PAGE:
U.S. Environmental Protection Agency Region 5 recently announced that five companies in Ohio have been awarded $650,000 in contracts for 2006 EPA Small Business Innovation Research program projects. Ten companies in Region 5 states received more than $1 million in total funding. Read the press release.
Read the full story in BusinessWeek.
China’s rapid growth has only worsened its environmental problems, and the government expects pollution to quadruple by 2020.
Read the full story in the Pittsburgh Tribune-Review.
When Scott Electric started recycling electrical materials five years ago, the company shipped about six tractor-trailer loads a year to its recycler, including a few computers.
Now, the South Greensburg company sends out a tractor-trailer of recyclables once a week, and discarded computers increasingly make up more of the load, according to Dick Smith, industrial sales manager.
In a special project, the Louiseville Courier-Journal takes an in-depth look at climate change and examines how decisions by people living in the MidWest and South affect the environment and residents of the Arctic.
Read the full story in Forbes Magazine.
Although the U.S. did not ratify the 1997 Kyoto Protocol, which addresses the problem of global warming, Peter Suozzo, director of sustainable investment research for North America at Citigroup, believes that the nation has begun a significant shift in its climate policies. Ã¢â‚¬Å“We see a number of catalysts that will create investment opportunities related to reducing greenhouse gases and mitigating exposure to climate change risk,Ã¢â‚¬Â says Suozzo.
From the Worldwatch Institute:
For more on the report, read the complete press release, view selected trends and facts from the report, register (free) or log in to our site to download PDF files of the short and extended summaries, and view a transcript from the morning session of the conference. The full report will be available later in the year. read more
Read the full story from the Worldwatch Institute.
It is not sensational to predict that if China ever moves its capital city, this will be due largely to water shortages. The current capital, Beijing, is exuding dryness from every pore, particularly during the spring and fall when it is plagued by inland sandstorms and strong winds.
ItÃ¢â‚¬â„¢s London Sustainability Weeks and the city has been engulfed by an awe-inspiring number of events celebrating the creation of Ã¢â‚¬Å“a better quality of life for everyone, whilst protecting our environment and being aware of the limits on resource use.Ã¢â‚¬Â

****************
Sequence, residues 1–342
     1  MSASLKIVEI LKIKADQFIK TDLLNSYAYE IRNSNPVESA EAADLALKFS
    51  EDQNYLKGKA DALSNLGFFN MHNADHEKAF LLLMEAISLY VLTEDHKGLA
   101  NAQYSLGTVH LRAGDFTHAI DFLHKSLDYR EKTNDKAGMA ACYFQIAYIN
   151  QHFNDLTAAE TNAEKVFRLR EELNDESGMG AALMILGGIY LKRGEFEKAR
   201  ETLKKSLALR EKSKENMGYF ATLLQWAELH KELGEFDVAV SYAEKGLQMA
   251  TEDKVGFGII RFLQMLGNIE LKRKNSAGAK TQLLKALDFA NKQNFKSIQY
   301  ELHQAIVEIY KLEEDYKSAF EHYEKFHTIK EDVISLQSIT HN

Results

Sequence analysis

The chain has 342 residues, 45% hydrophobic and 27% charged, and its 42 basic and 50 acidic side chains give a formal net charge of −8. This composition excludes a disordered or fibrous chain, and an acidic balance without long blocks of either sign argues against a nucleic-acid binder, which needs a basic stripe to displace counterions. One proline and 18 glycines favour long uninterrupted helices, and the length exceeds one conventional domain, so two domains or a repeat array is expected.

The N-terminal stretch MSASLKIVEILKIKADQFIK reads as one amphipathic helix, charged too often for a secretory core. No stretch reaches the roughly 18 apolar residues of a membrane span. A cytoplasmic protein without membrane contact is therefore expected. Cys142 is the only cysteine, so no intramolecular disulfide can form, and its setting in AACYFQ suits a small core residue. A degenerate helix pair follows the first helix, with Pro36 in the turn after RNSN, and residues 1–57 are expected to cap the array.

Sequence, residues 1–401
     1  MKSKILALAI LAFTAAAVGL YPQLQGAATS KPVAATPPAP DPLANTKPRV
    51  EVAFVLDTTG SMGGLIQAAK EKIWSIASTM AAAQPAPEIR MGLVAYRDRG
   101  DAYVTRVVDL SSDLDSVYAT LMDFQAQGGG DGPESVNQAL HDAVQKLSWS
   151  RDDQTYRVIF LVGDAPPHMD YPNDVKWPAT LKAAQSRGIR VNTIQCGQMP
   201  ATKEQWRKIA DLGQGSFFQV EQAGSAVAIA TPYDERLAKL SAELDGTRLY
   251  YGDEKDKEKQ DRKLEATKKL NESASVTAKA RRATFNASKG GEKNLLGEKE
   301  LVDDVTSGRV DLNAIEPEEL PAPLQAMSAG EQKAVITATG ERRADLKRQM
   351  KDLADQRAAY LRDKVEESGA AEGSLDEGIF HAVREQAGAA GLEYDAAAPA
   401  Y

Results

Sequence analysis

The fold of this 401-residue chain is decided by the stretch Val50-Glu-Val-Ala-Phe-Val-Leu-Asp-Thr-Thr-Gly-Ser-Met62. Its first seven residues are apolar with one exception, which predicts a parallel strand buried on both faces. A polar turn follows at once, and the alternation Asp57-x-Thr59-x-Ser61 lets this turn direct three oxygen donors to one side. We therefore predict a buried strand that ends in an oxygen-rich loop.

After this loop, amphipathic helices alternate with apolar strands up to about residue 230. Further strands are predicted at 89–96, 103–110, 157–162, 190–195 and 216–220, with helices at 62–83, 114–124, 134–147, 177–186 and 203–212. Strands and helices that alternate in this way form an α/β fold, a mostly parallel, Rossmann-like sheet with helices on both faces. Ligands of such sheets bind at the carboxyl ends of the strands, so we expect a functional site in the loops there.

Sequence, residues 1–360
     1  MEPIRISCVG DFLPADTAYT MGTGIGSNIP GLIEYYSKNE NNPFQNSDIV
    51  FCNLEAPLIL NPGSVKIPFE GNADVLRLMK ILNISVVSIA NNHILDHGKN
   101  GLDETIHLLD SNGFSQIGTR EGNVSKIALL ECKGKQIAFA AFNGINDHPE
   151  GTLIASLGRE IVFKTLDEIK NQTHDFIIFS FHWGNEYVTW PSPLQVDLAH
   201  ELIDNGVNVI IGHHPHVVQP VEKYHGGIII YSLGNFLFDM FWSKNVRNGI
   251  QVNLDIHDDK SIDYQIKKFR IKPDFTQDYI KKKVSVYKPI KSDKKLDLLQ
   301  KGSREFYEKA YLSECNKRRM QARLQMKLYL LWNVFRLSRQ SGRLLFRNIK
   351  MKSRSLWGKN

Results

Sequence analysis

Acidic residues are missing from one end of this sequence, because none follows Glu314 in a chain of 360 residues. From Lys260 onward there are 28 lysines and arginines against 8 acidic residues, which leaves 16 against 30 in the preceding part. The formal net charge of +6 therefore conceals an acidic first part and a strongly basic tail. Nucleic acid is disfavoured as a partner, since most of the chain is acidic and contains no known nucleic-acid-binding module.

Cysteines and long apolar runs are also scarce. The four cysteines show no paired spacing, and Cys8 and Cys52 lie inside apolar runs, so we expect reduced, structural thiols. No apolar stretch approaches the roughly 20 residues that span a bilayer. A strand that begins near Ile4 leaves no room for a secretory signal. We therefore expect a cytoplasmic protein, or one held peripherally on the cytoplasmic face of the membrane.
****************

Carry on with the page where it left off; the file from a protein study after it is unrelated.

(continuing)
It kicked off with the Camden Green Fair; in a park, complete with booths representing just about every environmental group that exists, plus the requisite food, childrenÃ¢â‚¬â„¢s activities and a bicycle-driven forge. On Open Garden Squares Days, private squares and private parks across the city were open for public envy. Donnachadh McCarthy, creator and owner of LondonÃ¢â‚¬â„¢s first green house, opened his doors to the public. The genial Irishman started working on it in 1999, recognising that he wanted to change his lifestyle and make a difference. He has installed the first wind turbine for electricity on a private house in London (the same one that David Cameron wants to put on his house).
On his roof he also has solar electric PV panels and a single solar electric panel for a hot water system. He made a profit of 20Ã‚Â£ from energy sold back to London Energy but emphasised that in fact the paybacks are very little, no matter what anyone says. Ã¢â‚¬Å“You get into this to save the environment, not moneyÃ¢â‚¬Â.
His house has made him reconnect with the weatherÃ¢â‚¬â€if it’s raining he knows that his rain barrel is filling up, if it is windy, the turbine is working away and if it’s sunny, the solar panels are being used.
Read the full story on Treehugger:
According to Single Serve this made-from-dregs table is Ã¢â‚¬Å“being exhibited in the Scottish Museum in Edinburgh at the Green Design: Creativity with a Conscience exhibition on until 25th JuneÃ¢â‚¬Â.
This looks wonderful as a functioning item, as recycling innovation, and as an artful expression. But, does it represent Ã¢â‚¬Å“re-cycling;Ã¢â‚¬Â Ã¢â‚¬Å“down-cycling;Ã¢â‚¬Â or, something entirely new? When itÃ¢â‚¬â„¢s worn to the dregs can it be composted? Will my dog want to chew on it? Is a spill a problem?
So tasty looking weÃ¢â‚¬â„¢ve got to find out more. The full Scottish Museum press release on the exhibit features many re-workings. Cheers to the single malt of TreeHugger museum for being forward-looking and green.
Solar panels, minihouses, eco-friendly cleaning services and now – fashionable eco-fibers? Hmm… It appears as though the Wall Street Journal which we once referred to as a “rabid anti-treehugger fishwrap” has come along quite nicely in their coverage of eco-progressive issues.
Our favorite fashion maven Jill Danyelle at FiftyRX3 brings news of this weekend’s WSJ coverage of the trials and tribulations facing designers working with a new class of sustainable fabrics. It seems that: corn fibers are sensitive to heat; repurposed plastic can’t hold a stitch, bamboo stretches and banana is itchy.
But the good news is that from Armani to Rogan Gregory, designers are busting through the learning curve to discover better ways to make eco-fibers both beautiful and user-friendly. Via FiftyRx3. (To get the full-on TH scoop on eco-fibers check out Leonora’s post on green fabrics).